We’re all still learning…
We recently had a subscriber ask us about tips on teaching the adverbs still, no longer, and not anymore. When we want to express a continuing action in the present, we use the present progressive (present continuous) for action verbs and the simple present for non-action verbs. The adverb still is the natural choice for emphasizing an ongoing action. When we want to explain that we used to do something, but we’ve since stopped that ongoing action, the adverbs no longer and not anymore do the job nicely. So why do students sometimes struggle with these adverbs? The sentence positions are all different! Listing the various positions for them often helps.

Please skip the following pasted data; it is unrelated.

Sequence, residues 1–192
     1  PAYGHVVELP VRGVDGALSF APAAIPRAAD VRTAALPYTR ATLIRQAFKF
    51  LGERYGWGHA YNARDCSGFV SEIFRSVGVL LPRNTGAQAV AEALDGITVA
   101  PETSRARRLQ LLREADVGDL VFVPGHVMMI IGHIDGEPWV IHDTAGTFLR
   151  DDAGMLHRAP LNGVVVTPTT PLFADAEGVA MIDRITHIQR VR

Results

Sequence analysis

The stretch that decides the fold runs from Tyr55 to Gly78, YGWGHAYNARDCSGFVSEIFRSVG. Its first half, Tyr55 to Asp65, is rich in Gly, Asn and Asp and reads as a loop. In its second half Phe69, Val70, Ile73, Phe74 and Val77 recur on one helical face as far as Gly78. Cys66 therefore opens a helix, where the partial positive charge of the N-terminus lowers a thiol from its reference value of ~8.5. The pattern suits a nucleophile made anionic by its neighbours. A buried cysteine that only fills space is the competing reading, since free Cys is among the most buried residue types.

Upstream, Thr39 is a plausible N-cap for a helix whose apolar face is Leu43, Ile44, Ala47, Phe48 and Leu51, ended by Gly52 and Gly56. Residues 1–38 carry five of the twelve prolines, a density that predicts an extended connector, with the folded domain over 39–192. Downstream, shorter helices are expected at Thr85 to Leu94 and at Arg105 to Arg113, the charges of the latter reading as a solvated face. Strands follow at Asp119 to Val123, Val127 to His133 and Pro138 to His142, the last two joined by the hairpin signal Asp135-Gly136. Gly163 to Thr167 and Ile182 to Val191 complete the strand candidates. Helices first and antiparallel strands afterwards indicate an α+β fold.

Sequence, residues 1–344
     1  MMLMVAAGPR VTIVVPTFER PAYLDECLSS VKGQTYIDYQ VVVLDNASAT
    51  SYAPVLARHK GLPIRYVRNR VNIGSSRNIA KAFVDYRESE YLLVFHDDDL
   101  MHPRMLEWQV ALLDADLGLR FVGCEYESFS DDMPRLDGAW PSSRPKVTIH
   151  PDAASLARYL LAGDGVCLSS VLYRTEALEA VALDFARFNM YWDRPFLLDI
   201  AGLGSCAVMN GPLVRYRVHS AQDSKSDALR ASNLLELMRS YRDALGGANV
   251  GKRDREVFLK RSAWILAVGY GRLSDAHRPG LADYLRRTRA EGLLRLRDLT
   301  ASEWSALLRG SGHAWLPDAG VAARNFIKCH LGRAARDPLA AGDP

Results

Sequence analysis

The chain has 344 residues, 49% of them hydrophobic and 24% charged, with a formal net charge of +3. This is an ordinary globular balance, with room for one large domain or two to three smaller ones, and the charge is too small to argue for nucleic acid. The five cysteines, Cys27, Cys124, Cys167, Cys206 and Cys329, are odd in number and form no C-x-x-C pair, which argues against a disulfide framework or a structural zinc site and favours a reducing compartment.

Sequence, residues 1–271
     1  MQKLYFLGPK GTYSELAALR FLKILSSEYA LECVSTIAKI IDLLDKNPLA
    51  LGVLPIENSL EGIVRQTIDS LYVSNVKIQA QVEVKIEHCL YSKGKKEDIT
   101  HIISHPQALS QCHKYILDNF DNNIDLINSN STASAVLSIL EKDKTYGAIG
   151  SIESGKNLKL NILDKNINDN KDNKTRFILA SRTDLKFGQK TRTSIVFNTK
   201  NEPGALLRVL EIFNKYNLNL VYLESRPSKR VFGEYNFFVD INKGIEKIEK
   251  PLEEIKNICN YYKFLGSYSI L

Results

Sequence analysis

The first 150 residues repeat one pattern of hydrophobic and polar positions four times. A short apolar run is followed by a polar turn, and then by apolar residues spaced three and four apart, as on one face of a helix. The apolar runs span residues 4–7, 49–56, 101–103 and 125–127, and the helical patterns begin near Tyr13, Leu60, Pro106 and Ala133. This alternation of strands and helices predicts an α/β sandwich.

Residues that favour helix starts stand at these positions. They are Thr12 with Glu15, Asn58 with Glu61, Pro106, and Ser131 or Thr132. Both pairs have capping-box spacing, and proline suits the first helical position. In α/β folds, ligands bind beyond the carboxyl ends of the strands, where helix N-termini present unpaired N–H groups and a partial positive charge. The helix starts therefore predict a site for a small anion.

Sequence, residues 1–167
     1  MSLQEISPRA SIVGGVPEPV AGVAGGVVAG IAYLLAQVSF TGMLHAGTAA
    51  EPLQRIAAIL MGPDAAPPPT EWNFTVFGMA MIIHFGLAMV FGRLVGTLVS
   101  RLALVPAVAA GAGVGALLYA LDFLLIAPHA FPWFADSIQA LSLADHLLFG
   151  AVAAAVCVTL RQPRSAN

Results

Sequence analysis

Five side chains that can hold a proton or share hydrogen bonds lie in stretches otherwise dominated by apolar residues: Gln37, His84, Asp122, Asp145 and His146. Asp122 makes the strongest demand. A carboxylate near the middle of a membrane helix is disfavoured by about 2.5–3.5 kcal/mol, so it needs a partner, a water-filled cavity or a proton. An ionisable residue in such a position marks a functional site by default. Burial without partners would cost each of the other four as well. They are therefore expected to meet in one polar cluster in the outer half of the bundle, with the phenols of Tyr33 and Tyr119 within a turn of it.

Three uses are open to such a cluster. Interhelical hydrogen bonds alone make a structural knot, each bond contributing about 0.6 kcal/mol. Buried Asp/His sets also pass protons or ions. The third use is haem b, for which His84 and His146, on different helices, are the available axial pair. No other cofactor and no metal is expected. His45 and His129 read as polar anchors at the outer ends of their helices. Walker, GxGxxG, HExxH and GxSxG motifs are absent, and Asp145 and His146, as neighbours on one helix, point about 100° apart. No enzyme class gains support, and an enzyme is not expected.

|Simple Present:||Still + Verb|
|Simple Present (Be):||Be + Still|
|Present Progressive:||Be + Still + -ing Verb|
|Simple Present:||No longer + Verb|
|Simple Present (Be):||Be + No longer|
|Present Progressive:||Be + No longer + -ing Verb|
|Simple Present:||Do + Not + Verb (+ O) + Anymore|
|Simple Present (Be):||Be + Not (+ O) + Anymore|
|Present Progressive:||Be + Not + -ing Verb (+ O) + Anymore|
Note: Not anymore is pretty common as a short answer.
- A: Are you still going to the party tonight?
B: Not anymore
Still, Already, Yet
Students are often confused by still because it has two different uses. When still and yet are used with the present perfect, they signal the intention to do something, and they are always used with a negative verb. Already emphasizes that an action is completed, and it follows the normal adverb pattern.
|Still:||Still + Have + Not + Past Participle|
|Yet:||Have + Not + Past Participle (+ O) + Yet|
|Already:||Have + Already + Past Participle|
Have your students discuss (or write about) their habits, both good and bad. What do they still do? What do they no longer do/what don’t they do anymore? They could also discuss their hobbies, jobs/studies, food, etc.
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